Archive | November 2013

Camelot, the Cuban Missile Crisis and the End of Innocence

CubanMissileSplashimage1The media coverage of the fiftieth anniversary of the assassination of John F. Kennedy has been inescapable these past few weeks. Much has been made of our nation’s loss of innocence when Camelot came tumbling down, but if I had to choose a pivotal event that triggered my disenchantment in that era, it would be the Cuban missile crisis the year before, in October of 1962, when Kennedy and Kruschev played a game of brinksmanship that brought the world close to nuclear annihilation. 

I was a junior at Barnard that fall, living in an apartment on West 110th Street a few blocks from the Columbia campus and deeply in love with the man who would later become my first husband. I didn’t own a television. With the limited programming available back then, I considered it hip to do without, and my extensive collection of jazz LPs more than sufficed for entertainment. 

But I remember spending days with my boyfriend, glued to the radio, in a panic that the world was about to be blown to smithereens. Before it did, I was desperate to get married. Why this seemed so critically important, I can’t recall – I wasn’t religious, and we’d been lovers for over a year already. After nearly two interminable weeks, the crisis passed, and we remained single for the time being, but the emotional turmoil of that time remains vivid in my memory. 

I was a senior by the time Kennedy was killed the following year. I came out of a medieval art history class, where I’d been looking at black and white slides of sarcophagi in a class taught by an elderly lady professor nicknamed “the Barnard coffin,” into the venerable marble halls of the lobby, where everyone was in an uproar about the shooting. I hurried back to my apartment; by the time I got there, he’d been declared dead.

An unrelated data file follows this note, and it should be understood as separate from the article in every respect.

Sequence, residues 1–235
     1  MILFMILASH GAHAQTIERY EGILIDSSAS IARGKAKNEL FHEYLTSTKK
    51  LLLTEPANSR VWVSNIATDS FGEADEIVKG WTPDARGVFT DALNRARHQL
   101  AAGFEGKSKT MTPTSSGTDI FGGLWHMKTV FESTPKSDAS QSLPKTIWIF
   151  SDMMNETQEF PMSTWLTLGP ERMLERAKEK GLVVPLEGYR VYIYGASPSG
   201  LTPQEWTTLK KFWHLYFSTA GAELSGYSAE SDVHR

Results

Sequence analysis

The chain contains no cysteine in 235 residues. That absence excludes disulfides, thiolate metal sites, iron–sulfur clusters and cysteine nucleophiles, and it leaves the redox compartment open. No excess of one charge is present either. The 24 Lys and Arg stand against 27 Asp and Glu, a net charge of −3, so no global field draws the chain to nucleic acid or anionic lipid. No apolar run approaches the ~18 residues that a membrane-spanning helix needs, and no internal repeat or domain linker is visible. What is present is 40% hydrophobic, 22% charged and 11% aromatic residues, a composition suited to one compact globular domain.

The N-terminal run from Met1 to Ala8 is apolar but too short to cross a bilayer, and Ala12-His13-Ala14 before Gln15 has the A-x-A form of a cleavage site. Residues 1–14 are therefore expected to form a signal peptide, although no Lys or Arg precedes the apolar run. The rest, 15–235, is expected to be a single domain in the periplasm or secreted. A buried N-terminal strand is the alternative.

I was shocked and saddened, but by then my “innocence” was already lost, and the assassination didn’t have the emotional impact of the Cuban missile crisis the year before. And I still didn’t own a television. As the child of two journalists, I was loyal to the print media, and the iconic still photos of the killing and its aftermath soon found their way into the imagery of my paintings.  

World's Fair - Flushing Meadows, NY 1964

World’s Fair – Flushing Meadows, NY 1964

Actually I had never expected to live till 1963. Like the rest of my pre-Boomer generation, I grew up with school civil defense drills, where we were taught to take shelter under our puny wooden desks, and with talk of bomb shelters and nuclear holocausts. Back in the late 1950’s, when there was talk of a World’s Fair planned for 1964 in New York City, I thought the idea was absurd – we’d all be nuked into oblivion by then. But the World’s Fair came to pass, and my husband and I visited as newlyweds. 

So all this talk about the loss of Camelot innocence is nothing but doggy doo doo, in my opinion. Even so, there was a special aura about the Kennedys. Though I didn’t watch them on TV, I did see Jack Kennedy twice in person. In 1956, my mother and I were in the audience at the Democratic National Convention, because she was “Madly for Adlai” –

Jack Kennedy in Chicago, 1956

Jack Kennedy in Chicago, 1956

Stevenson, that is. JFK came very close to winning the nomination for Vice President, and his gracious concession speech made him an overnight sensation. Like so many others, my mother was instantly smitten by his eloquence and good looks, and she rightly predicted we’d be seeing a lot more of him. 

My second sighting of Kennedy occurred in the Harvard Yard when I was a sophomore at Radcliffe. By now he was President, and word got out that he was on campus for a Harvard Board of Trustees meeting. A crowd gathered near the John Harvard statue outside Memorial Hall, and we were eventually rewarded by the sight of JFK descending the steps and waving a greeting before he was spirited away.

John Harvard, by Daniel Chester French

John Harvard, by Daniel Chester French

It was a cold winter day, as I recall, sunny with snow on the ground, with a thrilling sense of optimism and potential, and although the event isn’t graven in my brain like all the horrific images that came later, I prefer to remember Jack Kennedy the way he looked that day in the Harvard Yard.

Kennedy with flag



Lou Reed’s Graceful Exit